My feeling has always been that properly managed ecotourism helps safeguard wildlife, and that giving wildlife a financial value to local communities gives them a motivation to protect it. But some research quoted by the Times of India calls into question the livelihood benefits in India. In a paper indexed on CABI's Leisure Tourism Database, Krithi K Karanth of the Centre for Wildlife Studies, India, and Ruth DeFries of Columbia University, USA, investigated resorts and homestays within 25 km of 10 selected national parks and sanctuaries, and found that tourist facilities provided little direct incomes to people living around the parks and that visits 'rarely directed towards improving conservation efforts or supporting local people.' Among issues highlighted are that some facilities ran swimming pools and water fountains – especially in Ranthmbore, Kanha and Pench tiger reserves – even though they are located in areas that are perennially plagued by acute water shortage.
Most (72%) facilities surveyed had been established after 2000, and 85% of resorts are located within 5 km of park boundaries. While most employees were local, the study finds that "contribution of facilities to local employment are marginal". Direct tourism employment is less than 0.001% of the population living within 10 km of protected areas (PAs). The study says that "in a few PAs, the significant tourism-related revenues may supplement management efforts but generally revenues are not a large source for conservation funds. The direct economic opportunities available to local people from tourism are marginal in all the PAs relative to the large number of people living around them." It is concluded that "balancing PA management, tourism growth, local community needs and rapid ongoing land use changes around these PAs requires attention and cooperation between government agencies, private enterprises, and local communities."
A recent study from the same research groups (Karanth et al., 2012) on domestic Indian tourists to national parks finds that 65% of visitors "believed that local people benefit from the park, whereas in reality local benefits are few". Seventy-one percent of tourists indicated they are likely or somewhat likely to return to the parks but only 34% would be willing to visit the parks if tigers are absent. Forty-two percent indicated willingness to pay higher gate fees.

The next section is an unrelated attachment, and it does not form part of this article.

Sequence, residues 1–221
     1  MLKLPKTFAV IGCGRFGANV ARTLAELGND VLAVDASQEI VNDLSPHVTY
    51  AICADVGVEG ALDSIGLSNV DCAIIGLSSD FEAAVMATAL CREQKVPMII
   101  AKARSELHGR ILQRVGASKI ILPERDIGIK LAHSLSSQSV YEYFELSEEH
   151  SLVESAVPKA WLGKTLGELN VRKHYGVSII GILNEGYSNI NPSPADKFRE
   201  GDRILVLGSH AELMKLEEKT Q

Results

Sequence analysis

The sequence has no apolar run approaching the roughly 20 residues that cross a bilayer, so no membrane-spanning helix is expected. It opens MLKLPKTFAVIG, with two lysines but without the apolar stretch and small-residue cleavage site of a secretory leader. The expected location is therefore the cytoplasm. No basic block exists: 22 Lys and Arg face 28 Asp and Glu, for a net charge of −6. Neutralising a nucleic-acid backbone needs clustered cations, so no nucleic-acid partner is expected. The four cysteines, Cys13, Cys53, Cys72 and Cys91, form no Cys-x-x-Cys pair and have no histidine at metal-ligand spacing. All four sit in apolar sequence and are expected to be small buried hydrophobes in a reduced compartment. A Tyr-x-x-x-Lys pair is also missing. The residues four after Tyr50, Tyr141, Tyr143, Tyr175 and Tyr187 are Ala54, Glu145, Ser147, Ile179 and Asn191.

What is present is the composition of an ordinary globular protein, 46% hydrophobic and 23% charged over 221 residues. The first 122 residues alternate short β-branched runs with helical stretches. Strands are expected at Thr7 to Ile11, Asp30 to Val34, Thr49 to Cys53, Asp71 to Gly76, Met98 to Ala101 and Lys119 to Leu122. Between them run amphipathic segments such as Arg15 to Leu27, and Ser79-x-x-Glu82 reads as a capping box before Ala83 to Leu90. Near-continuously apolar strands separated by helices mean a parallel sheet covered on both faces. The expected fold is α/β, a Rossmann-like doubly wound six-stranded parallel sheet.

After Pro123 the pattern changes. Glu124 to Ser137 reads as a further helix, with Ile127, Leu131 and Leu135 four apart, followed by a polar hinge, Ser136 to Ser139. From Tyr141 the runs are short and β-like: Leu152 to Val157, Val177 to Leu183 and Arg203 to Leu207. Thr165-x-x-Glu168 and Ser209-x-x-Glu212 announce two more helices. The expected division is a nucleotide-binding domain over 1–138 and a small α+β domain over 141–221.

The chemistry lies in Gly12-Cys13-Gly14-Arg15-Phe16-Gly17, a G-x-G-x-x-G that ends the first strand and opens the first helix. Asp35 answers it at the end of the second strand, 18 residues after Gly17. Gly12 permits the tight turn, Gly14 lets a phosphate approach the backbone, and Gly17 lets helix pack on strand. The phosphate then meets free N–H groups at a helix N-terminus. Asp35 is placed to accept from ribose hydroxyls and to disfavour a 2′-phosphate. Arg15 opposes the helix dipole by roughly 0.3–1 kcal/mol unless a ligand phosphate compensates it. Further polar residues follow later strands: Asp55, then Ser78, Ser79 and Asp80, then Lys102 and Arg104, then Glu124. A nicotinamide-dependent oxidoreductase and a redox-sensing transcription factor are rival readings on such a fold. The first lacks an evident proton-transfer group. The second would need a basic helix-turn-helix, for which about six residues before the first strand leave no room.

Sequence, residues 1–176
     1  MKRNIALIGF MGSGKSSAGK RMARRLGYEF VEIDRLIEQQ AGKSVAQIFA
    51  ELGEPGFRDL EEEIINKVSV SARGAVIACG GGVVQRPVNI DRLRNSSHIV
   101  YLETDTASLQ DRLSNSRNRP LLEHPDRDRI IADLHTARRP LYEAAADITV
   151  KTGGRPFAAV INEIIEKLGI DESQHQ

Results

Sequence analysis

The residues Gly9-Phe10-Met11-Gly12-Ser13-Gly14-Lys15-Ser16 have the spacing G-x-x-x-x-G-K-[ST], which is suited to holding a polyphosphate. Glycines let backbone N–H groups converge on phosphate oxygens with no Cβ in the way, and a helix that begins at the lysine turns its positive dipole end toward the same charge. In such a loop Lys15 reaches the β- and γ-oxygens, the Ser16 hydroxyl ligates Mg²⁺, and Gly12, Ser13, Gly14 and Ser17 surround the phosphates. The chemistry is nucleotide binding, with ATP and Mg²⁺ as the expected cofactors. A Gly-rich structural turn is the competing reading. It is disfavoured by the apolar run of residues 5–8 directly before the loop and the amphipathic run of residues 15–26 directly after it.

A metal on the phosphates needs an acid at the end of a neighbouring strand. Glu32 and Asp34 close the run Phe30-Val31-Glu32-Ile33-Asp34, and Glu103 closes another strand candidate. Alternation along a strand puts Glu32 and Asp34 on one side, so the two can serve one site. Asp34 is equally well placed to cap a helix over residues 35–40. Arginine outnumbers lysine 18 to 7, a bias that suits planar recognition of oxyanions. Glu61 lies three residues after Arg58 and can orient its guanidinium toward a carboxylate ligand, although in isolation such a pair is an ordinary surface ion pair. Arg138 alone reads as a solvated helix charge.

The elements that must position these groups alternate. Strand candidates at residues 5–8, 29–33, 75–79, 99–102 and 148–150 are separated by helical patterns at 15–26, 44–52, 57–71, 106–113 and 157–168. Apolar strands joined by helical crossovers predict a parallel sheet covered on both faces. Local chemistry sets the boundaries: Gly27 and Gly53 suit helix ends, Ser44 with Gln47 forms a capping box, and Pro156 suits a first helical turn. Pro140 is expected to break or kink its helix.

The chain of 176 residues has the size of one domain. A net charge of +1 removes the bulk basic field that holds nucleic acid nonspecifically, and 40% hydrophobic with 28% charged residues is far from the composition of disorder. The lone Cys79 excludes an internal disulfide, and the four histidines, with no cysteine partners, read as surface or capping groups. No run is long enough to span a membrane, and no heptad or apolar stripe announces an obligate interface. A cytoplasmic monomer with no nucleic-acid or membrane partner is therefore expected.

So what is the answer? In India, with its rapidly increasing population and persistent rural poverty, there have long been problems in striking a balance between the interests of local communities and the need to protect tigers from both poaching and habitat destruction. In a paper in Current Issues in Tourism, A. Banerjee suggests that the Indian Forest Service is "is ill-equipped to manage ecotourism" and "faces constant pressure from other actors to increase tourism revenue". Improvements in the practice of tourism, if it is indeed to continue, certainly need to be made. But if tourism is removed completely, then it may become even more difficult than at present to fund anti-poaching measures and keep those that would harm tigers and their habitats out of unvisited reserves.
Is wildlife tourism benefiting Indian protected areas? A survey. Banerjee, A.; Current Issues in Tourism, 2012, 15, 3, pp 211-227
Nature-based tourism in Indian protected areas: new challenges for park management. Karanth, K. K.; DeFries, R.; Conservation Letters, 2011, 4, 2, pp 137-149
Wildlife tourists in India's emerging economy: potential for a conservation constituency? Karanth, K. K.; DeFries, R.; Arjun Srivathsa; Vishnupriya Sankaraman; Oryx, 2012, 46, 3, pp 382-390